2006: Wireless and security hot ticket items

WiMax and mesh get a chance to shine

Demand was high for wireless networks this year as more state and local governments, emergency responders, and the Defense Department tested or deployed the technology. A rise in thefts of government laptop PCs that contained sensitive information and the need to meet Homeland Security Presidential Directive 12 requirements spurred demand for information security technologies. 

Here are some highlights.

WiMax’s moment of truth
This was the year WiMax lived up to its billing as the next big thing in wireless technology.

WiMax aims to build on Wi-Fi’s popularity. Wireless hot spots employing the 802.11 Wi-Fi standard have proliferated nationwide, but each access point provides coverage to an area measured in feet. WiMax, on the other hand, can offer as much as 31 miles of coverage on a line-of-sight basis. The technology also offers greater bandwidth and supports higher-level networking protocols than Wi-Fi.

The arrival of standards and interoperable products coincides with local
governments’ pursuit of ambitious wireless projects. For example, Minneapolis, San Francisco and Philadelphia plan to launch municipal wireless networks to serve residents and attract businesses. WiMax could play a role in those
initiatives, government and industry executives say. Federal agencies, including DOD, have expressed interest in the technology.

Unfurling wireless mesh
The port city of Corpus Christi, Texas, has attached 300 wireless access points to traffic signals, streetlights, water and radio towers, and buildings to provide a blanket of IP network access across 24 square miles. Within five years, city officials plan to expand that to 1,600 wireless access points spread across 147 square miles.

The Corpus Christi network uses wireless mesh technology, a newer and more versatile version of the popular Wi-Fi gear that creates wireless hot spots. It promises to help public works crews, police officers, and fire and rescue squads communicate and access information, such as real-time video, city maps and inventory. Schoolchildren will also be able to use the network to access the Internet and keep in touch with teachers, and Internet service providers will resell it as wireless broadband connectivity to businesses, residents and visitors.

DOD pushes wireless to the edge
The Joint Task Force-Civil Support and the Joint Forces Command are testing wireless technology needed to assist first responders and civilian agencies during a chemical, biological, radiological or nuclear attack.

As part of the Northern Command, JTF-CS is the first military team on the ground during such crises. The unit must integrate its efforts with first responders and civilian agencies. Lives depend on its ability to deploy quickly and set up operations. But JTF-CS members are slowed by the thousands of feet of wires and cables they need to set up their command post. They must load, unload, install and maintain a web of wires, and those are time-consuming tasks.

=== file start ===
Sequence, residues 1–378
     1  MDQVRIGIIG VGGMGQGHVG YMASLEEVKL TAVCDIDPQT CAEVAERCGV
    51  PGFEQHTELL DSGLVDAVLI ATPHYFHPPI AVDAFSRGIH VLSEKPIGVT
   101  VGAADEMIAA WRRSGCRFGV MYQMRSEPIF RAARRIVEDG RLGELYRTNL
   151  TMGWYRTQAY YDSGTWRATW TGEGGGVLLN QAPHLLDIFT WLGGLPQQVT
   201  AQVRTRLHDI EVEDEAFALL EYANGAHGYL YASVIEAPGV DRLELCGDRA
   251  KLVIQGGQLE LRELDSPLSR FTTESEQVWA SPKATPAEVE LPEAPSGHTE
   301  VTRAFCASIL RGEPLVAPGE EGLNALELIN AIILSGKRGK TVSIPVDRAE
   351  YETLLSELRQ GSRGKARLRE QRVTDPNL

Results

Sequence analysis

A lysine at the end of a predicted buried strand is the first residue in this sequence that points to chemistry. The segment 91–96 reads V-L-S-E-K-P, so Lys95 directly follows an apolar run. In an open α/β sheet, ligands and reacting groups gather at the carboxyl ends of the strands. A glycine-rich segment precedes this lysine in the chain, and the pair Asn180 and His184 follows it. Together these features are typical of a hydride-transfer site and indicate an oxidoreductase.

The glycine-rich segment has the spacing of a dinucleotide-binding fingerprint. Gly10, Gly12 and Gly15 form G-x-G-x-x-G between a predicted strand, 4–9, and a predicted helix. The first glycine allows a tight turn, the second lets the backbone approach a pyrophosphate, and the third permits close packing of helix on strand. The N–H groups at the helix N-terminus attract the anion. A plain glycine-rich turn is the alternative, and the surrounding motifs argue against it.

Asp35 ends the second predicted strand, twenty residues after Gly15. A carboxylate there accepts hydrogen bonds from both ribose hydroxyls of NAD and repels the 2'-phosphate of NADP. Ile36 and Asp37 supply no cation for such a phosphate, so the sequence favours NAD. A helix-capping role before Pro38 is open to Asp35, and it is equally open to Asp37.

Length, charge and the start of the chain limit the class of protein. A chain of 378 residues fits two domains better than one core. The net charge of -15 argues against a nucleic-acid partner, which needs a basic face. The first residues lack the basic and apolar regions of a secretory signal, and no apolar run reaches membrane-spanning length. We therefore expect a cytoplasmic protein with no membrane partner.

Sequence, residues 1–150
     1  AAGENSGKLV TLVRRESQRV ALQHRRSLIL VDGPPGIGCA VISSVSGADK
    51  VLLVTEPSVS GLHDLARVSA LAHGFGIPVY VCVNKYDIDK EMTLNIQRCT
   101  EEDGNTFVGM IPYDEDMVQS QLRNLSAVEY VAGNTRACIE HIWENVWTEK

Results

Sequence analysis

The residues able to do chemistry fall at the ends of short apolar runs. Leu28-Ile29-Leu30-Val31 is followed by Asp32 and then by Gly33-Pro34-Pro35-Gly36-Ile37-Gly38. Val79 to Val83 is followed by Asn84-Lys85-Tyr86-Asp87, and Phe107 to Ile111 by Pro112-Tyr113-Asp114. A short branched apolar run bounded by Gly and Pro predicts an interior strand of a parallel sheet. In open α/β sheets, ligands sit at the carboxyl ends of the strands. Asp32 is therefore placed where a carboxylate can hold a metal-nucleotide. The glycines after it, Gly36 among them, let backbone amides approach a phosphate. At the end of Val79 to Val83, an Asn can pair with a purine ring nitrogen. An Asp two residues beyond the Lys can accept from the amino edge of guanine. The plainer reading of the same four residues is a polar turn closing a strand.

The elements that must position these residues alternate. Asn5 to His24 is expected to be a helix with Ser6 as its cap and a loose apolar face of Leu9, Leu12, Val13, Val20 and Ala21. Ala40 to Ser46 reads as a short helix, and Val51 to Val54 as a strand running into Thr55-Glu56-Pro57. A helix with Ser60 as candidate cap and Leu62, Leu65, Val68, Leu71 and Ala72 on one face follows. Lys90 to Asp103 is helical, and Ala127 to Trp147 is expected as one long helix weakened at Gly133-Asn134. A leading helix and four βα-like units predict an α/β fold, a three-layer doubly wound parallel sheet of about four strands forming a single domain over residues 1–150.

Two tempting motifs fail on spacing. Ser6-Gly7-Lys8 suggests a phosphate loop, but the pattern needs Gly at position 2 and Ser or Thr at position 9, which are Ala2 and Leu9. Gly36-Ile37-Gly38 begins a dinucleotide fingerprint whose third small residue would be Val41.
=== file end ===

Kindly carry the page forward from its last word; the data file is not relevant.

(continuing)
JTF-CS officials say wireless networks are the solution. Only fixed military sites  can install wireless local-area networks. Tactical units on the front lines cannot set up WLANs quickly and securely. But now JTF-CS and the Joint Forces Command say they hope to fill that need with a program called Wireless for the Warfighter. The program provides a wireless extension for computer and phone lines that warfighters can set up in a crisis within minutes rather than hours.

Encryption from the database to the laptop PC

To encrypt or not to encrypt? When protecting sensitive data, that is not a question. Sensitive information, whether transmitted via a network or stored in databases or on laptops, must be encrypted to protect against theft and misuse.

After the data theft involving a Department of Veterans Affairs employee whose stolen laptop contained the Social Security numbers and other personal information of 26.5 million veterans, experts say organizations should be looking for products that can protect data regardless of its location.

RSA Security launched an initiative recently to offer companies and government agencies a more comprehensive approach to enterprise data protection. The aim
is to protect sensitive data wherever it resides: at the application level, within databases, in files and operating systems, on laptops and mobile devices, or in
storage.

Meanwhile, Ingrian Networks is taking a different approach by storing encryption keys on a security appliance rather than on servers where encrypted data resides, which is where most software-based encryption products store them.

It’s 4 a.m.! Do you know where your files are?

Every electronic document has three states of being: rest, transit and use. Typical security products have focused only on the first two states: protecting information while it resides in a repository or moves across a network. A new category of security software called enterprise rights management  is offering a way to protect information while it’s in use.

The emerging technology relies on encryption, audit trails and the application of fine-grained user controls that limit the data people can access and how they can use it, said Trent Henry, a senior analyst at the Burton Group.

HSPD-12 cards open new worlds
The government’s new identity credentials will provide better building security once agencies acquire card readers and other information technology infrastructure products.

But agencies and security vendors are already thinking of additional uses for the smart card identity credentials that HSPD-12 required agencies to begin issuing Oct. 27.

Security experts who advise federal agencies say the applications for secure identity credentials are nearly limitless, and the secret to their versatility is in the cards. 

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